What mortall wight 

May then haue light 
To feele thy frovvne, if thou haue list to lowre ? 

But thou art good, and hast of mercye store ; 
Thou not delyhgtst to see a sinner fall ; 
Thou hearknest first before wee come to call ; 
Thine eares are set wyde open euermore ; 
Before wee knocke, thou commest to the doore : 
Thou art more prest to heare a sinner crie 
Then he is quicke to climbe to thee on hye. 
Thy mighty name bee praysed then alwaye : 
Let fayth and feare 
True witnesse beare, 
i Howe fast they stand which on thy mercie staye. 

I I looke for thee, my louelye Lord, therefore ; 
For thee 1 wayte, for thee I tarrye styll : 
Mine eies doe long to gaze on thee my fyll ; 
For thee I watche, for thee I prie and pore : 
My soule for thee attendeth euermore; 
My soule dooth thyrst to take of thee a tast; 
My soule desires with thee for to be plast ; 
And to thy worde, which can no man deceiue, 
Myne only trust, 
My loue and lust, 
In confidence continuallye shall cleaue. 
Before the breake or dawning of the daye, 
Before the lyght be seene in lofty skies, 
Before the sunne appeare in pleasant wyse, 
Before the watche before the watche, I saye, 
Before the ward that waits therefore alway, 


My soule, my sence, my secreete thought, my 


My wyll, my wish, my ioye, and my delight, 
Unto the Lord that sittes in heauen on hie, 

With hastie wing, 

From me dooth fling, 
And stryueth styll unto the Lorde to flie. 

Israel, O housholde of the Lorde, 

O Abraham s brats, O broode of blessed seede 

O chosen sheepe, that loue the Lord indeede 

O hungrye heartes, feede styll upon his worde, 

And put your trust in him with one accorde ! 

For he hath mercye euermore at hande ; 

His fountaines flowe, his springs doe neuer stand; 

And plenteouslye he loueth to redeeme 

Such sinners all 

As on him call, 
And faithfully his mercies most esteeme. 

He wylle redeeme our deadly, drowping state ; 
He wylle bring home the sheepe that goe astray ; 
He wylle helpe them that hope in him alvvaye ; 
He wylle appease our discord e and debate ;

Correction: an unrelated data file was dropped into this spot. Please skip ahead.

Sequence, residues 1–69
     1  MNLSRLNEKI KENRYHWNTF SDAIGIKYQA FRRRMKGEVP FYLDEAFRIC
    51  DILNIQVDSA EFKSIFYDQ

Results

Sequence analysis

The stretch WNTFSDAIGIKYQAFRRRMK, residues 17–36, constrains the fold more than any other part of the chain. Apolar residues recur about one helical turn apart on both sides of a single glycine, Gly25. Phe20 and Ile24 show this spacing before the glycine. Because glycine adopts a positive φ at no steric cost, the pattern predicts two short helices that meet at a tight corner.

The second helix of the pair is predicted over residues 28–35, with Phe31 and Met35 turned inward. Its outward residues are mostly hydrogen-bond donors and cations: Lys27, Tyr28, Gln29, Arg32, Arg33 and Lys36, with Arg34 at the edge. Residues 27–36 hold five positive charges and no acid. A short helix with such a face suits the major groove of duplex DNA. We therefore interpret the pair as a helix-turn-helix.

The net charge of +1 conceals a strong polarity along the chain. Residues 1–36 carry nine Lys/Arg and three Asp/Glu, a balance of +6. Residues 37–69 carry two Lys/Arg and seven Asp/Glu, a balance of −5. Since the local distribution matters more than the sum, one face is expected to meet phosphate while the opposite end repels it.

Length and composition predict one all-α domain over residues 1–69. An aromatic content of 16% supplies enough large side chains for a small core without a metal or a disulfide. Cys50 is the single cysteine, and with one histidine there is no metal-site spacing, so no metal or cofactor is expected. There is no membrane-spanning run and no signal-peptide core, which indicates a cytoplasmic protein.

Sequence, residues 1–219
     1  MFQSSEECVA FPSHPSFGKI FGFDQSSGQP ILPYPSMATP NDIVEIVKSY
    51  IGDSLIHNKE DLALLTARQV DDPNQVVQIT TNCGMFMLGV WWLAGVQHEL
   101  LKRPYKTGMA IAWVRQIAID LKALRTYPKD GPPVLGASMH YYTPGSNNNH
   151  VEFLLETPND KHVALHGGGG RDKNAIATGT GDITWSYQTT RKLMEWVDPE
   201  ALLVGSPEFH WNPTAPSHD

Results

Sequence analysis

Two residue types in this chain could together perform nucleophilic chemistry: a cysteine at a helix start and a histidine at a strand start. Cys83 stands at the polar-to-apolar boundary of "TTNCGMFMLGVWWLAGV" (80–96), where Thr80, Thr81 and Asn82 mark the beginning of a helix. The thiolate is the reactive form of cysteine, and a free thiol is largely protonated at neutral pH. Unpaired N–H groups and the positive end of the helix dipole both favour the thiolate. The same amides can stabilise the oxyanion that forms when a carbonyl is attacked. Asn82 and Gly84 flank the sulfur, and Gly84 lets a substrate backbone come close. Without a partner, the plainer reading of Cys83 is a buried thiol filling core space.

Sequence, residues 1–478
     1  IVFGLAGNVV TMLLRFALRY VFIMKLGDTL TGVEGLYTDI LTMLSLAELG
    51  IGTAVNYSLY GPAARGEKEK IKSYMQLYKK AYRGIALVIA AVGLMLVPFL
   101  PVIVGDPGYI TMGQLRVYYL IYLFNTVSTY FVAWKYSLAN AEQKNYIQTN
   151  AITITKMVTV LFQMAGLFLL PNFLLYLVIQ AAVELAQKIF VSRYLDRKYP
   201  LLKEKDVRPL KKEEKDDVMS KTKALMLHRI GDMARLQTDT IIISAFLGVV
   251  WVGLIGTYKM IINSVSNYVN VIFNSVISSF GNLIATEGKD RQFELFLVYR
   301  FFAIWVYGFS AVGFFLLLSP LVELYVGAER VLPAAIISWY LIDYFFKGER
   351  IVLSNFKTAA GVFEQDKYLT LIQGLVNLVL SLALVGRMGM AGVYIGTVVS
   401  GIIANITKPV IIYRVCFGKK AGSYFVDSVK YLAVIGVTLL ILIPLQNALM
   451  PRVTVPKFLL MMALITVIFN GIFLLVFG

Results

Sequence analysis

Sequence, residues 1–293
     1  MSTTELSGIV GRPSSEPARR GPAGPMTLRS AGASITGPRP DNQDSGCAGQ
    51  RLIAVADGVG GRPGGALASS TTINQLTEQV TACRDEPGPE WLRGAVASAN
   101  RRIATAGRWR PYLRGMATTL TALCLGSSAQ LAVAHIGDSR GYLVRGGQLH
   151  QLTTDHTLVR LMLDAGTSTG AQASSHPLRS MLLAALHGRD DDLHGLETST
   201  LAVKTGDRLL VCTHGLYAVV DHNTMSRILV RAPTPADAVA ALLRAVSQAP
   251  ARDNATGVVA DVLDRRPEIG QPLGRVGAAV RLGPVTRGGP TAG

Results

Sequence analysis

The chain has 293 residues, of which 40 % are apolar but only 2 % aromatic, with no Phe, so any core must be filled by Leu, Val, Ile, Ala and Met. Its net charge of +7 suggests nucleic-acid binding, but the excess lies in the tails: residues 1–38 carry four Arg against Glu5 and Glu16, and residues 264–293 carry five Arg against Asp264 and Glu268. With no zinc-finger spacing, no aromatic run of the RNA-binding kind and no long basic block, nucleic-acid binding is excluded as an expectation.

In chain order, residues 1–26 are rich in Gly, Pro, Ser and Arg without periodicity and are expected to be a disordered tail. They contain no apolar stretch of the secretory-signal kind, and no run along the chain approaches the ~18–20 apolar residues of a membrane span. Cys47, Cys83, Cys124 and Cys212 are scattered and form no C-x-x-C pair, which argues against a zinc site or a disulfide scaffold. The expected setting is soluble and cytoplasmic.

He wylle soon saue, though wee repent us late. 
He wylle be ours, if we continue his ; 
He wylle bring bale to ioye and perfect blis ; 
He wylle redeeme the flocke of his elect 

From all that is, 

Or was amisse 
Since Abraham s heires did first his lawes reiect. 




You that haue spent the silent night 

In sleepe and quiet rest, 

And ioy to see the cheerefull lyght 

That riseth in the East : 

Now cleare your voyce, now cheere your hart, 

Come helpe me now to sing : 

Ech willing wight come beare a part, 

To prayse the heauenly King. 

And you whome care in prison keepes, 
Or sickenes doth suppresse, 
Or secret sorowe breakes your sleepes, 
Or dolours doe distresse : 
Yet beare a part in dolefull wise; 
Yea, thinke it good accorde, 
And exceptable sacrifice, 
Ech sprite to prayse the Lorde. 

The dreadfull night with darkesomnes 
Had oners pread the light, 
And sluggish sleepe with drowsines 
Plad ouerprest our might: 
A glasse wherein you may beholde 
Ech storme that stops our breath, 
Our bed the graue, our clothes lyke molde, 
And sleepe like dreadfull death. 

Yet as this deadly night did laste 
But for a little space, 
And heauenly daye, now night is past, 
Doth shewe his pleasaunt face : 
So must we hope to see God s face 
At last in heauen on hie, 
When we haue changde this mortall place 
For Immortalitie. 


And of such haps and heauenly ioyes, 
As then we hope to holde, 
All earthly sightes and worldly toyes 
Are tokens to beholde. 
The daye is like the daye of doome, 
The sunne the Sonne of man, 
The skyes the heauens, the earth the tombe 
Wherein we rest till then. 

The Rainbowe bending in the skie, 
Bedeckte with sundrye hewes, 
Is like the seate of God on hie, 
And seemes to tell these newes : 
That as thereby he promised 
To drowne the world no more, 
So by the bloud which Christ hath shed 
He will our helth restore. 

The mistie cloudes that fall somtime, 
And ouercast the skyes, 
Are like to troubles of our time, 
Which doe but dymme our eies : 
Bu as such dewes are dryed vp quite, 
When Phcebus shewes his face, 
So are such fansies put to flighte, 
Where God dooth guide by grace. 

The carion Crowe, that lothsome beast, 
Which cries agaynst the rayne, 
Both for hir hewe and for the rest 
The Deuill resembleth playne : 
And as with gunnes we kill the crowe, 
For spoyling our releefe, 
The Deuill so must we overthrowe 
With gunshote of beleefe. 

The little birdes which sing so swete 
Are like the angells voyce, 


Which render God his meete, 

And teache vs to reioyce : 

And as they more esteeme that merth 

Than dread the night s annoy, 

So must we deeme our dayes on erth 

But hell to heauenly ioye. 

Unto which ioyes for to attayne 
God graunt vs all hys grace, 
And send vs, after worldlie payne, 
In heauen to haue a place : 
Where wee maye still enioye that light, 
Which neuer shall decaye : 
Lord, for thy mercy lend vs might 
To see that ioyfull daye. 

Hand ictus sapio. 


WHEN thou hast spent the lingring daye 

In pleasure and delight, 

Or after toyle and wearie waye 

Dost seeke to rest at nighte : 

Unto thy paynes or pleasures past 

Adde thys one labor yet, 

Ere sleepe close vp thyne eie too fast, 

Doo not thy God forget. 

But searche within thy secret thought, 
What deeds did thee befall ;